The Aliens franchise has left an indelible mark on the film industry and on us. More importantly, it has influenced the development of the video game industry as well. It was a landmark series full of fantastic new ideas that had a resonating effect throughout almost all forms of media. Without it, we wouldn’t have some of gaming’s most beloved franchises like Half-Life, Metroid, Starcraft, Dead Space, Doom, and Contra, just to name a few. Needless to say, it’s a series ripe with possibility and with it comes hordes of diehard fans.
Leading up to its release, Gearbox stoked the fires of anticipation by announcing the return of many of the films’ actors. They also touted the literary strengths of Battlestar Gallactica writers Bradley Thompson and David Weddle. And above all else, they stressed the importance of staying true to the source material. So much so, that there are even tie-ins with the film Prometheus.
And what truly raised expectations amongst gamers and reviewers like us, is the fact that Aliens: Colonial Marines is surfing in the production wake of Borderlands 2, a 2012 mega-hit that even achieved an Elder’s Choice award. With all of this being said, we are grievously disappointed to announce that in almost every regard, this game is a disappointment.
But before we prattle off the laundry list of sins that ACM has committed, we feel it important to note the game does have some good qualities. For starters, the audio is, without a doubt, the game’s best feature. The musical score fits perfectly with the 1986 masterpiece, and the sound effects from the pulse rifles, smart guns, and motion detectors are captured and reused so perfectly, that it’s hard to not flash back to the first time you lived through the cinematic space survival adventure. The cast all deliver their lines with confidence, and it’s fantastic that Gearbox even brought back the iconic voice of Lance Henriksen, the actor who played Bishop.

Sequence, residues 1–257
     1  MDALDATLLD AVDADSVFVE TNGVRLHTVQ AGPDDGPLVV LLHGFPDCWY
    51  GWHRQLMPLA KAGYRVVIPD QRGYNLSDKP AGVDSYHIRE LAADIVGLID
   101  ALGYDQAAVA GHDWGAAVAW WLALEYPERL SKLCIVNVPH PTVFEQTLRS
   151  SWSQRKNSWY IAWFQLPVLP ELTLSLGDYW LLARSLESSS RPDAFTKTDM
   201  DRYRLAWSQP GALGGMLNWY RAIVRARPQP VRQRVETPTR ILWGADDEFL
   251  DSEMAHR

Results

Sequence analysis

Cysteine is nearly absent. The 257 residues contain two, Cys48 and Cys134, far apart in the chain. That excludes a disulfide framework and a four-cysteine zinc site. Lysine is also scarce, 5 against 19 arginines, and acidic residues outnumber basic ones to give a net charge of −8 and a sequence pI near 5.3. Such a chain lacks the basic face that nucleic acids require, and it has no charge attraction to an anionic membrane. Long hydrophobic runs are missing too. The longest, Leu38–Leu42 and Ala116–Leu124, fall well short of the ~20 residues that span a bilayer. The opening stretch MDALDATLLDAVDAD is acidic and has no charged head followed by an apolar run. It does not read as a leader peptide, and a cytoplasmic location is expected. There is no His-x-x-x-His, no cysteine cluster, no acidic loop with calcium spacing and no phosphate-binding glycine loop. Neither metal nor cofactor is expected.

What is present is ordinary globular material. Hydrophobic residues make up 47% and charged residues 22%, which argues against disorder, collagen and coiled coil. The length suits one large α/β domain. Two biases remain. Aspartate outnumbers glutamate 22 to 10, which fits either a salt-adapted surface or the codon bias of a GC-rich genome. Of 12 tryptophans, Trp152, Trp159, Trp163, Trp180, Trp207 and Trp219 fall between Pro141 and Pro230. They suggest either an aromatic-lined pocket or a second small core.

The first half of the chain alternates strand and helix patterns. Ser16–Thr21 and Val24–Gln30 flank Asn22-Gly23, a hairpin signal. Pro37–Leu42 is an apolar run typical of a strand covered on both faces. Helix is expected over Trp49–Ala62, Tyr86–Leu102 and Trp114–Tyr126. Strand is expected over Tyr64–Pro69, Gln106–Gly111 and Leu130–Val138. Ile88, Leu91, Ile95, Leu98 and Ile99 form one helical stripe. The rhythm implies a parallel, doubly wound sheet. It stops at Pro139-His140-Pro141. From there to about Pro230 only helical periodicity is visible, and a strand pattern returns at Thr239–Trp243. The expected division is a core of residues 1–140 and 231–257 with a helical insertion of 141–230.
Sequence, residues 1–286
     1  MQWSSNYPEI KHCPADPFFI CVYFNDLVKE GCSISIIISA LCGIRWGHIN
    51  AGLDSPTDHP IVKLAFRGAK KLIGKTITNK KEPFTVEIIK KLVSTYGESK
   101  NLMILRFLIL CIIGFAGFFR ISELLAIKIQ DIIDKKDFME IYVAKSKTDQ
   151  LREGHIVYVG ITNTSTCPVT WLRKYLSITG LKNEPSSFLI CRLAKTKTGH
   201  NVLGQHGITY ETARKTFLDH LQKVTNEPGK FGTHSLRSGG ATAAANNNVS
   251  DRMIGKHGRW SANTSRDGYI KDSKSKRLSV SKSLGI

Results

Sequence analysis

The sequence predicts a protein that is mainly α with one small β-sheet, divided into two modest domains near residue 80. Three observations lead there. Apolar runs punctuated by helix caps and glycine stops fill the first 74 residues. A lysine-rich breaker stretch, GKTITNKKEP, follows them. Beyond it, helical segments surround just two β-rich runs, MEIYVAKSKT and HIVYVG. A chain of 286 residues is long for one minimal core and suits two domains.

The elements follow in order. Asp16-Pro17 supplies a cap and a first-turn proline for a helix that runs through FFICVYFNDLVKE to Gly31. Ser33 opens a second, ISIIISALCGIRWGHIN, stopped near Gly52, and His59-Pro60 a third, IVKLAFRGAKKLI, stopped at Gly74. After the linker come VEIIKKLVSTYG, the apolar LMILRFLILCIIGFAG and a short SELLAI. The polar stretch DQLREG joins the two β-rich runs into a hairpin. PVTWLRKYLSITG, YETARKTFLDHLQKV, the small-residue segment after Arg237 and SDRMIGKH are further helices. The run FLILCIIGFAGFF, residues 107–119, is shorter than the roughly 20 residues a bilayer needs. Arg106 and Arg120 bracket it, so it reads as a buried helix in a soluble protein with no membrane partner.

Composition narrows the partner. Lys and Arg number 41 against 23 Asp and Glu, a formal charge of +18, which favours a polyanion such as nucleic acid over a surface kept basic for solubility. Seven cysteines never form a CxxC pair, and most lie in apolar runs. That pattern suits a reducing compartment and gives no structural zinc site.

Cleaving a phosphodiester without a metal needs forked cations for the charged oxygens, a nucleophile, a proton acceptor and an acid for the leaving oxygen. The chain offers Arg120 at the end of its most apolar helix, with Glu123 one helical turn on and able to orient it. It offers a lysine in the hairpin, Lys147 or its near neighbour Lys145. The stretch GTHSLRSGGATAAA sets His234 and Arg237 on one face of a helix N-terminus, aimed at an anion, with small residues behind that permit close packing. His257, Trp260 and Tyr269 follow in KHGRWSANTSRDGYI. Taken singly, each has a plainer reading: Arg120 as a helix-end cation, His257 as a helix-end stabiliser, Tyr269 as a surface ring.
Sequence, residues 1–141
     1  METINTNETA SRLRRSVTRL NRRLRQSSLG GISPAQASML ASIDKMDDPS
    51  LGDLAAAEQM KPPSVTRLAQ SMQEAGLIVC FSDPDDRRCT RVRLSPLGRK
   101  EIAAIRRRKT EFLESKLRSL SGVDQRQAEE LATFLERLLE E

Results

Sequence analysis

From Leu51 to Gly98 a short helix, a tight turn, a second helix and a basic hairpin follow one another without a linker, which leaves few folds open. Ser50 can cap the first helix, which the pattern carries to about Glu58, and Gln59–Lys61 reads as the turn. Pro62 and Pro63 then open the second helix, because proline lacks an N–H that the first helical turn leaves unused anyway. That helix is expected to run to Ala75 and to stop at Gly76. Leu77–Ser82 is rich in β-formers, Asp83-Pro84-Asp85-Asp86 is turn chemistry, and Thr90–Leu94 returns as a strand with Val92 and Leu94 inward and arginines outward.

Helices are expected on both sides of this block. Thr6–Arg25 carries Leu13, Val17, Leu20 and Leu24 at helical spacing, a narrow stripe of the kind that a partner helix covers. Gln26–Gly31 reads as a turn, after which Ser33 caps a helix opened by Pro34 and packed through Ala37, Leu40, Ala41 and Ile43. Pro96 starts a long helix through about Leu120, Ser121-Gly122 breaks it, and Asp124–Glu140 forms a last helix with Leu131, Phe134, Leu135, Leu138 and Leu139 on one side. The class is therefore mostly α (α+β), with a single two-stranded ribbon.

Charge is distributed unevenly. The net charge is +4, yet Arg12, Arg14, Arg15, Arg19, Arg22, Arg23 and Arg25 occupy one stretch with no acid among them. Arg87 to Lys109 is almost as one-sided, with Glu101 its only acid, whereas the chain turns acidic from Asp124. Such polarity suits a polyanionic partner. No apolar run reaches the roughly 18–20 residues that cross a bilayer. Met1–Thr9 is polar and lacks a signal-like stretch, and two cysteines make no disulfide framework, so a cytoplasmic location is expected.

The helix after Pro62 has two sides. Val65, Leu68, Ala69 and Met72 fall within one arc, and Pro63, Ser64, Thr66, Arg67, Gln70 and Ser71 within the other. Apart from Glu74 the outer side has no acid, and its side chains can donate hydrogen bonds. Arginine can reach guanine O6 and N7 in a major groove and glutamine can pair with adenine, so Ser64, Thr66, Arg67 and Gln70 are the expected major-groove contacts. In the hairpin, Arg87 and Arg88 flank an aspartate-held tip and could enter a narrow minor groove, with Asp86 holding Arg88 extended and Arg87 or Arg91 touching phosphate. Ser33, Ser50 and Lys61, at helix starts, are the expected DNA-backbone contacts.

The atmosphere, the style of clothing, and the weapons themselves all fit 1:1 with the film Aliens, and at points, you’ll feel like you’re walking on treaded ground as you discover the weapons of Marines that have fallen in service on LV-426.
With so much going for Aliens: Colonial Marines, what could possibly go wrong? Before we can even get to the gameplay, we can say with all sincerity, the writing is terrible, bringing up glaring series inconsistencies like the presence of the Sulaco.
But the gameplay is where ACM falls to pieces. Instead of mimicking games that Aliens has inspired (to reiterate, Metroid, Half-Life, Dead Space, instead it’s a poor man’s Call of Duty. A very poor man’s Call of Duty.
You will fight as many humans as you will xenomorphs, which for an Aliens game, feels wrong. The shooting mechanic is familiar, even giving you the opportunity to load out your weapons with red dot scopes and creating X hit marks when your rounds reach their intended target, but it lacks the fluidity of Call of Duty titles. Hit boxes on enemies feel inconsistent, especially on the xenomorph drones, and aiming, even with a mouse and keyboard, is imprecise—registering shots you should be making as complete misses.